A malicious spreadsheet has been discovered that builds a PowerShell*command from individual pixels in a downloaded image of Mario from Super Mario Bros. When executed, this command will download and install*malware such as the GandCrab Ransomware*and other malware.
This attack works when recipients receive an email targeting people from Italy that pretends to be payment notices.
Example Spam Email
These emails contain an attachment with names similar to "F.DOC.2019 A 259 SPA.xls" that when opened tell the user to Enable Content in order to properly view the document.
Malicious spreadsheet attachment
Once the content is enabled, its macros will be triggered that check if the computer is configured to use the Italy region. If not, it will exit the spreadsheet and nothing else happens.
Macro checking if computer is in Italy
If they are located in Italy, though, the following image of Mario is downloaded. The image below has been slightly modified so that it cannot be used for malicious purposes.
Download image of Mario
According to researchers from Bromium who analyzed this attack, after the image is downloaded the script will extract various pixels from the image to reconstruct a PowerShell command, which will then be executed.
"The above code is finding the next level of code from the blue and green channel from pixels in a small region of the image," stated Bromium's research. "The lower bits of each pixel are used as adjustments to these and yield minimal differences to the perceived image. Running this*presents yet more heavily obfuscated PowerShell"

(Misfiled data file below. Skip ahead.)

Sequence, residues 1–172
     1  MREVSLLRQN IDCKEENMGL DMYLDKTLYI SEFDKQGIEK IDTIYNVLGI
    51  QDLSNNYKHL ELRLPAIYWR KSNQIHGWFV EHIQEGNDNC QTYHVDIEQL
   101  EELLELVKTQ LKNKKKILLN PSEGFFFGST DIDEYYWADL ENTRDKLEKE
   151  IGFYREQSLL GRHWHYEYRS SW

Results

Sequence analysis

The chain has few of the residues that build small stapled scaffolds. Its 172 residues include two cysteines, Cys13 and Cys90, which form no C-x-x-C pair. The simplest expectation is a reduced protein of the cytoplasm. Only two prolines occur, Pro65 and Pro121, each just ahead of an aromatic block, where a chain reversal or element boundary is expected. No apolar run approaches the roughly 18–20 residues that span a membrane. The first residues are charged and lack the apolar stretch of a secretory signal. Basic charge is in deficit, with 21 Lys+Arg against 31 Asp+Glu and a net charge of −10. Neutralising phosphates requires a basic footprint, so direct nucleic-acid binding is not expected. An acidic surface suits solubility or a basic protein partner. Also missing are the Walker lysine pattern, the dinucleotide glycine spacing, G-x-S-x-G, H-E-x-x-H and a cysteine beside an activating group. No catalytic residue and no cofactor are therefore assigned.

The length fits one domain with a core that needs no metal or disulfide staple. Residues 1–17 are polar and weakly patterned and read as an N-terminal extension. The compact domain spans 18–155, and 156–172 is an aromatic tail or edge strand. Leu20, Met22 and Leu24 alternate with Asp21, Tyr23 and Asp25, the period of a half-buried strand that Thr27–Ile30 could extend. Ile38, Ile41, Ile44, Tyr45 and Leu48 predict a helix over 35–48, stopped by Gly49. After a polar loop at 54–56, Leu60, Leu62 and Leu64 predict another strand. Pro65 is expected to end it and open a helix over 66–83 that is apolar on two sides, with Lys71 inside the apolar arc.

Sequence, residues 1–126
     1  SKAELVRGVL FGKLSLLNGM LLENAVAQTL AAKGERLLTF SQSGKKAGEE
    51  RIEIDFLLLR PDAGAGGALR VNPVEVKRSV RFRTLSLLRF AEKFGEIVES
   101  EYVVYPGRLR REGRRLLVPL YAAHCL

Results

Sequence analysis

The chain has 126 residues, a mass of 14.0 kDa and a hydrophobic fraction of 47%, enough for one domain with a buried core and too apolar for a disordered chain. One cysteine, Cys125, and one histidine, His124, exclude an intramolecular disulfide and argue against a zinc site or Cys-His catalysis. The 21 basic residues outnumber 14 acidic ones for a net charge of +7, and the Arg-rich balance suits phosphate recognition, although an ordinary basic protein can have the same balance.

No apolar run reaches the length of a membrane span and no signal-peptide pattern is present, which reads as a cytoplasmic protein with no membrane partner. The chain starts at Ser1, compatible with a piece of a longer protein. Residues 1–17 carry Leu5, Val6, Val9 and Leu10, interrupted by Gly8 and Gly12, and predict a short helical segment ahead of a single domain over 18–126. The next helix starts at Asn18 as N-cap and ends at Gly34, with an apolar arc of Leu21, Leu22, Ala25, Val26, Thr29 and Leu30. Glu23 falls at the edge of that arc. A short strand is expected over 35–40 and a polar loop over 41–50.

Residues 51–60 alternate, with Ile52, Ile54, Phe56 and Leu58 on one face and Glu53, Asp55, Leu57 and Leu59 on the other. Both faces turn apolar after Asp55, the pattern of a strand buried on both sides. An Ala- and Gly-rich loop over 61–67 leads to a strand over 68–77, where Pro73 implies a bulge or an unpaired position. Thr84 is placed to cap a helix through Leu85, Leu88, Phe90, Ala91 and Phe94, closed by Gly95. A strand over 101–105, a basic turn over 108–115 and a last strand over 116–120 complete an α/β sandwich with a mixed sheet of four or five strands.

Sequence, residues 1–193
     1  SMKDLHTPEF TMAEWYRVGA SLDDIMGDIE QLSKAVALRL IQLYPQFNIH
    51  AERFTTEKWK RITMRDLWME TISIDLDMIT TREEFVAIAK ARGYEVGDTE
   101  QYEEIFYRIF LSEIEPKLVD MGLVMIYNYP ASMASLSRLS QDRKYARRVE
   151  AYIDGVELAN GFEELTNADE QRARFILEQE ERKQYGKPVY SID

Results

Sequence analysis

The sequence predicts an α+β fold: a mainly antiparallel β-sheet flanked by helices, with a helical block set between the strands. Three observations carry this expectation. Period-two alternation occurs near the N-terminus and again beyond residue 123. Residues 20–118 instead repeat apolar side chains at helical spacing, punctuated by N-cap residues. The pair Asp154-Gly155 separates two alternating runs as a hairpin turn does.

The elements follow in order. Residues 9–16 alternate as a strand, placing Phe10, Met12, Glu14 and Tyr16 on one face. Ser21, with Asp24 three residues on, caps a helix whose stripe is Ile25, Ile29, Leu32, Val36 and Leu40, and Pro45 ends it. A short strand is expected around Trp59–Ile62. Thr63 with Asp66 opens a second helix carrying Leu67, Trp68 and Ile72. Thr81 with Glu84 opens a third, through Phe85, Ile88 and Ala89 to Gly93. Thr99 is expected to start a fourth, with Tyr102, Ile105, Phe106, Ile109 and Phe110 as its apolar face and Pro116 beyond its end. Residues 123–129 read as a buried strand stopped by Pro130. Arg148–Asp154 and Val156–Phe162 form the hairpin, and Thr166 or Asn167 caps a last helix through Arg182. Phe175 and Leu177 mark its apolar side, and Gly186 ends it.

This PowerShell command will download malware from a remote site, which then downloads further malware such as the GandCrab*Ransomware.
GandCrab Ransom Note
Steganographic*attacks are not new and are being used more often to avoid detection by security programs. Just recently a*malvertising campaign was discovered by Malwarebytes that was utilizing steganography to install a payload hidden in advertising images.
As always, it is is very important to be careful when it comes to attachments as they are a heavily used method to distribute malware. To be safe, always scan attachments you receive before you open them and be doubly suspicious*if they contain macros that need to be enabled to properly view the document.